The Department for the Environment, Food and Rural Affairs (Defra) faces additional cuts of £83 million during the first year of the new Conservative government under plans announced last week by Chancellor George Osborne.
According to reports the Department will make savings by cutting ‘low priority’ programmes, but has not yet identified exactly where cuts will take effect. It fared better in the most recent round of spending cuts than the Departments of Energy and Climate Change (DECC) and Communities and Local Government (DCLG) which face cuts of £70m and £230m respectively. However, according to the Institute for Government, proportionally Defra has been the second hardest hit by measures across all government departments.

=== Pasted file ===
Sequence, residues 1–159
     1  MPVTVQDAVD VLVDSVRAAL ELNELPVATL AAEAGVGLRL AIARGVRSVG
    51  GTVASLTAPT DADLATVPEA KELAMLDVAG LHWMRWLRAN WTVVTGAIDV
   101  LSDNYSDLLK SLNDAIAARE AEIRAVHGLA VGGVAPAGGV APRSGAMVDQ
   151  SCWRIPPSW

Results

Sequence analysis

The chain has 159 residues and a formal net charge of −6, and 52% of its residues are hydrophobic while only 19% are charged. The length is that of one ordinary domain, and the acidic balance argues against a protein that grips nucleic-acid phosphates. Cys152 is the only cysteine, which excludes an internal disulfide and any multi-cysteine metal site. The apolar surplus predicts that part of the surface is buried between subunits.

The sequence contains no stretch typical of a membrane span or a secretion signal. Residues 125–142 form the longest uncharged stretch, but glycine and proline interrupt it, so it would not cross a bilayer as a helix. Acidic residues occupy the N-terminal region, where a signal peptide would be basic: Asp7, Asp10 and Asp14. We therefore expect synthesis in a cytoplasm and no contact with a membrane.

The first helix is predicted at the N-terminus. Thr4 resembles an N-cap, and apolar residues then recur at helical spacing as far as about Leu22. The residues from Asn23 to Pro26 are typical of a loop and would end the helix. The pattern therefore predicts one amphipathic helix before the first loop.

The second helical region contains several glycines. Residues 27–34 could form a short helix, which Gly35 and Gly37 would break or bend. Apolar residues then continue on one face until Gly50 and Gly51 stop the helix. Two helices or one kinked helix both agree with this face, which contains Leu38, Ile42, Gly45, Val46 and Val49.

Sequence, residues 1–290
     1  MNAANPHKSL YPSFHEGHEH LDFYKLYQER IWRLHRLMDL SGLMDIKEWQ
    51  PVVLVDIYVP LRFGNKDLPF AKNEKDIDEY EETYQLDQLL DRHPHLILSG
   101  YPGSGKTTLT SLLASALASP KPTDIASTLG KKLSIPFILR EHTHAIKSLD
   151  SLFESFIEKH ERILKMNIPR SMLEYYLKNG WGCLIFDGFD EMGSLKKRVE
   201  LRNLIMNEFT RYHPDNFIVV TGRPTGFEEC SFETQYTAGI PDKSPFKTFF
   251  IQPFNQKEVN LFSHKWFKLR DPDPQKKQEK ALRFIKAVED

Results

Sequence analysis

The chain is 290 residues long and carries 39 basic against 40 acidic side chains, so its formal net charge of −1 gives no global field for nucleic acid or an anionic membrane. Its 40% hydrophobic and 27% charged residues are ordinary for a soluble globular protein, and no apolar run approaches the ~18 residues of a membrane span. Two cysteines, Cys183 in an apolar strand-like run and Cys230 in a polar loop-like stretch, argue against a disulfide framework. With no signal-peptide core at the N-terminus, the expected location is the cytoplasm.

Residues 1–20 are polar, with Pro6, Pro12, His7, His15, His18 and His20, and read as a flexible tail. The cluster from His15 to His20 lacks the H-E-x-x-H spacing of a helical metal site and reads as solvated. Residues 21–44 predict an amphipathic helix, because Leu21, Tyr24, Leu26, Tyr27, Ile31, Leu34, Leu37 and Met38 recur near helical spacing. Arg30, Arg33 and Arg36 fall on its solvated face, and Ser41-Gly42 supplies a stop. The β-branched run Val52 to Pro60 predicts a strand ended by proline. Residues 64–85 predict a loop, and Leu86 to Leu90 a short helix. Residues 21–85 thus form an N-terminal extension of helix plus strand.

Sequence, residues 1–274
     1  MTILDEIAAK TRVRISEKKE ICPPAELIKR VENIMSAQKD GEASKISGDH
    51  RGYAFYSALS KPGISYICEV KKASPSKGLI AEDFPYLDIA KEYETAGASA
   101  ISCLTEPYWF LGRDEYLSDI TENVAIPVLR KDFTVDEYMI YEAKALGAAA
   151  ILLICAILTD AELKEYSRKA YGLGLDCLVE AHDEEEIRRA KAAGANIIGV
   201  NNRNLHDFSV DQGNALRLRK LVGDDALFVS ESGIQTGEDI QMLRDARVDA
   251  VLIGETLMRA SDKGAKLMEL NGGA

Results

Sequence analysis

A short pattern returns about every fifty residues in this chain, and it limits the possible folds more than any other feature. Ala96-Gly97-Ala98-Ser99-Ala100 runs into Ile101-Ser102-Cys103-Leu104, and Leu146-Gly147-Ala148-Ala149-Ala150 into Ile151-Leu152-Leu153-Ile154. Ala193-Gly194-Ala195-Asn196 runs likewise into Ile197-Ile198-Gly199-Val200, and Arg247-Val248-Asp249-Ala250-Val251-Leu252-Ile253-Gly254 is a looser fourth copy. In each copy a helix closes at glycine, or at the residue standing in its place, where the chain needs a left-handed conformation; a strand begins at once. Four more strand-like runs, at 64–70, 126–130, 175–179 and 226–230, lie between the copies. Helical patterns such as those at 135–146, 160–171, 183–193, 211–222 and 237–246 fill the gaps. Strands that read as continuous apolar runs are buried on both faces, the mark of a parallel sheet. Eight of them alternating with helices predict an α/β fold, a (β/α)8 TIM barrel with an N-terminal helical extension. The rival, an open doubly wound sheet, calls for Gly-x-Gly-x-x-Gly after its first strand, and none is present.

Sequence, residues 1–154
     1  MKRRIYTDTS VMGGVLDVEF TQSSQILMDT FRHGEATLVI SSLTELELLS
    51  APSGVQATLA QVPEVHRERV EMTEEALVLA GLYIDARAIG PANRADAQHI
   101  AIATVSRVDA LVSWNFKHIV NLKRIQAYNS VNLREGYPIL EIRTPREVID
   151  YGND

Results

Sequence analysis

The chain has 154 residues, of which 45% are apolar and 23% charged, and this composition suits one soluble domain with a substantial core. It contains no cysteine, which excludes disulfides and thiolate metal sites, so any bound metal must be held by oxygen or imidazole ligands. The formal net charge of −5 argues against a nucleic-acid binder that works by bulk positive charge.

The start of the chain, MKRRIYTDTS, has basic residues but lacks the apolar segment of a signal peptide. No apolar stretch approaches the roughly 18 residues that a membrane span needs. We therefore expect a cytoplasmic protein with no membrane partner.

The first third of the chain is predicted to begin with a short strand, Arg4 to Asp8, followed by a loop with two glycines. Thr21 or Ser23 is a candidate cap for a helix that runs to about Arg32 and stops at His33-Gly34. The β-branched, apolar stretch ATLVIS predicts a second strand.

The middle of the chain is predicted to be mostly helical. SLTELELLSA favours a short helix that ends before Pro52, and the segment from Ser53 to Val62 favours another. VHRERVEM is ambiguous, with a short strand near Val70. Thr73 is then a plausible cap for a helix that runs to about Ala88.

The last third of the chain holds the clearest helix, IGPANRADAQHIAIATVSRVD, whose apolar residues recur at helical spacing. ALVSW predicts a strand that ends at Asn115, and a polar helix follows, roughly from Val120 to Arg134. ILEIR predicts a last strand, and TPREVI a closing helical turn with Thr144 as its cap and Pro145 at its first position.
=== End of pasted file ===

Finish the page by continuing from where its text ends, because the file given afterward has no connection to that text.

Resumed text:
In March, chair of the EFRA Committee, which oversees the work of the environment department, said, “The Department is worryingly vulnerable. Defra has not identified which specific policies and programmes will be reduced in future years, despite of repeated requests for clarity. We… need to know what the impact of cuts will be on policy delivery [and] where emergency money, such as winter floods response funding, [will be] found.”